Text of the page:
Sunday, August 15, 2010

Walking the Templar Trail to Jerusalem

Two modern-day pilgrims are setting out to follow the trail from Wales to the Holy Land on foot. From the BBC article Cardiff 'troubabours' on 'Templar trail' to Jerusalem:

Two musicians aim to spend up to a year walking the 13th Century route to Jerusalem used by medieval pilgrims.

New Zealanders David Delia, 21, and Max Evenbly, 20, say they want to be modern-day troubadours on the 3,600-miles (5,800km) to Temple Mount.

They leave on Sunday, the 914th anniversary of the first crusade, but insist their mission is non-religious.

The Cardiff-based pair said: "After 65 years of European peace, it is time for this path to be walked again."

The first crusade had the aim of reclaiming Jerusalem and holy sites for the Christian church following an appeal in France by the Pope.

The friends aim to visit 13 countries on the "templar trail", the route to Jerusalem which the Knights Templar were charged with protecting.

Follow their trip at


Gordon Napier said...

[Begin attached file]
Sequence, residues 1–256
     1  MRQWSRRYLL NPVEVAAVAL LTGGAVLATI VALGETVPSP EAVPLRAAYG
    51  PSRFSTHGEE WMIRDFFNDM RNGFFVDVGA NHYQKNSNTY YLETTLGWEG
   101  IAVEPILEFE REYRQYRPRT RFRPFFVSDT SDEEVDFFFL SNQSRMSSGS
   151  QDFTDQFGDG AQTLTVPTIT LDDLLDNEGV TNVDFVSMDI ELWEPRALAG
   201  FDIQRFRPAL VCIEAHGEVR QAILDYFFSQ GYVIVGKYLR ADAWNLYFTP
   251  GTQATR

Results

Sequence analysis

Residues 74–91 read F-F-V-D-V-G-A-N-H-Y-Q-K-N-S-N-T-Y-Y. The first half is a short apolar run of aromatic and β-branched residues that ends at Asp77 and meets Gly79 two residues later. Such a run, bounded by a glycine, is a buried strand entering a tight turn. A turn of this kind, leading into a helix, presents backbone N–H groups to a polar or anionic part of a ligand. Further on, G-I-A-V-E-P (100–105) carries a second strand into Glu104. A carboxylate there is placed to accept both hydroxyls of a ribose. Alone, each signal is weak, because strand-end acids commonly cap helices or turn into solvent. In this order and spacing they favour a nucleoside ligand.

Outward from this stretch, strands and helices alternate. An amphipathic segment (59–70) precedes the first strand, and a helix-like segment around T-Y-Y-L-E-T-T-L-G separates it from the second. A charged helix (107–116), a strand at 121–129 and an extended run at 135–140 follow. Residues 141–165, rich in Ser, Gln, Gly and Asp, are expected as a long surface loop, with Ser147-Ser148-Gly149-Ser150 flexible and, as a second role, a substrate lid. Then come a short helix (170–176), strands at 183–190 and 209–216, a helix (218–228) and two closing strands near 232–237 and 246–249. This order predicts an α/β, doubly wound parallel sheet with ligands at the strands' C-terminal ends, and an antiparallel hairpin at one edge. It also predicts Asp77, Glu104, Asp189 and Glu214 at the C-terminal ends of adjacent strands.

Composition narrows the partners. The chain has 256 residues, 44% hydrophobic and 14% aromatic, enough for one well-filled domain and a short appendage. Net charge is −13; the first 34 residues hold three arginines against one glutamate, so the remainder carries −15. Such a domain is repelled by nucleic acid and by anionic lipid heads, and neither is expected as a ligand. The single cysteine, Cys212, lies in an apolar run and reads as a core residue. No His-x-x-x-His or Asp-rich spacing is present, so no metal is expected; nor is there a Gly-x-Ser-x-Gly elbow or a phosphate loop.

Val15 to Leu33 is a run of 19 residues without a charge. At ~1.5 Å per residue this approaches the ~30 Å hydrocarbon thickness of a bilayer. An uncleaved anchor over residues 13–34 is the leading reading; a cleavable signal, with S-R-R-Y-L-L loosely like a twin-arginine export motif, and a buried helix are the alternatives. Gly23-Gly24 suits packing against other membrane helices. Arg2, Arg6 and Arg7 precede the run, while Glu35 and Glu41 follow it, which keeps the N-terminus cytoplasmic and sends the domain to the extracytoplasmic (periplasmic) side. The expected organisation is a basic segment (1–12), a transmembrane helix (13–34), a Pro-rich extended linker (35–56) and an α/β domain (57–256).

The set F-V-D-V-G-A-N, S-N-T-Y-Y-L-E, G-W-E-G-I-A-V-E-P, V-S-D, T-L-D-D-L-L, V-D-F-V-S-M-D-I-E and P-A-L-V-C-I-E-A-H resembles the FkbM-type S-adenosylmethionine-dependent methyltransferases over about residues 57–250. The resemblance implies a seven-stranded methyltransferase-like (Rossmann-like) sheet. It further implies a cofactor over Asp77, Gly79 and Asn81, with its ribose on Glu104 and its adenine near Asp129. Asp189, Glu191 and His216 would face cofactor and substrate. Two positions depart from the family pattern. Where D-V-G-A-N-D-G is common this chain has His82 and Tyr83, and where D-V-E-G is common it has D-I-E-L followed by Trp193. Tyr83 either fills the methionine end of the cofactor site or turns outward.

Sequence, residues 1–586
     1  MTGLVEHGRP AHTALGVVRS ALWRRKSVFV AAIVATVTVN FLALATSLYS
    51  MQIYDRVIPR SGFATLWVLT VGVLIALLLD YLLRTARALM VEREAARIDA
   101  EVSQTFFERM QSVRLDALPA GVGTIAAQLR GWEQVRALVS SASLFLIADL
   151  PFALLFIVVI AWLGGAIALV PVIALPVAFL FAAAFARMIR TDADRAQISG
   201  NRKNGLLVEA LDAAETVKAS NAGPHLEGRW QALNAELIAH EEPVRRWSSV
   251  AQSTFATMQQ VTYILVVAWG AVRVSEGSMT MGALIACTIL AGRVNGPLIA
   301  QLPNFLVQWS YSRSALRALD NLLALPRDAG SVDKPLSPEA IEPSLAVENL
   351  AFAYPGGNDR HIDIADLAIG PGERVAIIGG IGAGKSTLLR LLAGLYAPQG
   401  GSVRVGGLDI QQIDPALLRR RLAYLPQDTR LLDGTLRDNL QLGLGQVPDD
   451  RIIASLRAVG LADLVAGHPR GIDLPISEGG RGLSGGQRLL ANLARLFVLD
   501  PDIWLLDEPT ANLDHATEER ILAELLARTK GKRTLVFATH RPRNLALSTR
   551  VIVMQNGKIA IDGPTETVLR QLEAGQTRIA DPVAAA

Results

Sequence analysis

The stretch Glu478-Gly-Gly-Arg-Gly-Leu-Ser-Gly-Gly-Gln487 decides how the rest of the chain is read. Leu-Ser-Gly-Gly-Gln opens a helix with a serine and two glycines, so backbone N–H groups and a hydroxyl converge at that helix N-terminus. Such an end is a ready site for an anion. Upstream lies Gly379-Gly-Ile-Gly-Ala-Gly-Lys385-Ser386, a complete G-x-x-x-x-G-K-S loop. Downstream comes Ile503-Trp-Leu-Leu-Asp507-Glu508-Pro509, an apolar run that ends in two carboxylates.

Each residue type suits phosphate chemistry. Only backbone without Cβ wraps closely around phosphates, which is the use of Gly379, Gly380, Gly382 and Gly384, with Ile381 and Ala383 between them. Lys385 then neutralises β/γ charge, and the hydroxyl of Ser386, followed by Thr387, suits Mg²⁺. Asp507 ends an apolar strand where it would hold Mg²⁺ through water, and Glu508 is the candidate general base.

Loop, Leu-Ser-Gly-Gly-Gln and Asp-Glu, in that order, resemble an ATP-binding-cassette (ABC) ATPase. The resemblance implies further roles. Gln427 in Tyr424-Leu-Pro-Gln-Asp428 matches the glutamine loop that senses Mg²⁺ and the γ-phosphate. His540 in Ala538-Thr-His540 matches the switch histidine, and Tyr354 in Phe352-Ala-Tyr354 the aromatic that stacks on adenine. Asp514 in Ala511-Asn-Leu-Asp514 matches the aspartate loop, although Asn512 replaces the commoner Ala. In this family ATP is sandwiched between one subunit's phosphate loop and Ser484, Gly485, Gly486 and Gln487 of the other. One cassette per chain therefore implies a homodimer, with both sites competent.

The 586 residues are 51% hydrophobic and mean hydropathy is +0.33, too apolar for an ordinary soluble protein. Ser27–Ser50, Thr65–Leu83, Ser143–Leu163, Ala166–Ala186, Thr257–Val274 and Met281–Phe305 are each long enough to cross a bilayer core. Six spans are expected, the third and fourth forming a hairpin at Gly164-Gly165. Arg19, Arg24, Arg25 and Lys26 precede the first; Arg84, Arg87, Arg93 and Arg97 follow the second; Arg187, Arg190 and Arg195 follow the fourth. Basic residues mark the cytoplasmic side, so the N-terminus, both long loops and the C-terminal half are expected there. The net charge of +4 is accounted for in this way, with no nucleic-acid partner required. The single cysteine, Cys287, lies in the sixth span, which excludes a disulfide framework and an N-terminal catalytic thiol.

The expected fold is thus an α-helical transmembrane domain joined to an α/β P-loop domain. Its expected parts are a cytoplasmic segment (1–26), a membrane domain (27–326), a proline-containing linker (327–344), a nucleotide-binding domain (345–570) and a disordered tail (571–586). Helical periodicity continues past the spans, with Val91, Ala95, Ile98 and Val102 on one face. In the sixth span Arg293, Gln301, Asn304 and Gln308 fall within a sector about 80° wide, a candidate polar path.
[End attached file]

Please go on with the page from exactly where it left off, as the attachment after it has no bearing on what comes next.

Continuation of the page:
One of my former university lecturers, Thomas Asbridge, did something similar, walking to Jerusalem (presumably he got a boat across the English Channel first). The biggest hurdle was the Israeli border, apparently, where he couldn't cross. He had to get a plane, and then go back to the border before carrying on. Makes my rural walk in search of Temple Balsall seem less than intrepid.

Brandon Wilson said...

A friend and I walked from Dijon, France to Jerusalem in 2006 over five months, recreating much of the route of the First Crusades as a walk for peace. My book about this adventure, Along the Templar Trail, chronicles our sometimes harrowing (but always enlightening) journey. Since one reason for making this hike was to found a modern pilgrim's Templar Trail, the book includes route stages, distances, photos, and maps. For more info and photos, visit our website.